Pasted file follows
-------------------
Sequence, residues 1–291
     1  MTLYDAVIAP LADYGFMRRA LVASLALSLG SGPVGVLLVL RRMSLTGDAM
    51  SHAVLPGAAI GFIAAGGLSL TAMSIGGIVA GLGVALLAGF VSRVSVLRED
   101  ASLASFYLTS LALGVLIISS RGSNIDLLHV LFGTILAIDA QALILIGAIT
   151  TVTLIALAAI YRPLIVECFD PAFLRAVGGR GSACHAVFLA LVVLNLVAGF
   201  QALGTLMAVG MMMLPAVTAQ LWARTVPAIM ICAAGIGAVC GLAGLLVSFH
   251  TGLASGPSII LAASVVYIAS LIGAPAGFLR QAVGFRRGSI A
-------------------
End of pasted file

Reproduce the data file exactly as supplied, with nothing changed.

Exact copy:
Sequence, residues 1–291
     1  MTLYDAVIAP LADYGFMRRA LVASLALSLG SGPVGVLLVL RRMSLTGDAM
    51  SHAVLPGAAI GFIAAGGLSL TAMSIGGIVA GLGVALLAGF VSRVSVLRED
   101  ASLASFYLTS LALGVLIISS RGSNIDLLHV LFGTILAIDA QALILIGAIT
   151  TVTLIALAAI YRPLIVECFD PAFLRAVGGR GSACHAVFLA LVVLNLVAGF
   201  QALGTLMAVG MMMLPAVTAQ LWARTVPAIM ICAAGIGAVC GLAGLLVSFH
   251  TGLASGPSII LAASVVYIAS LIGAPAGFLR QAVGFRRGSI A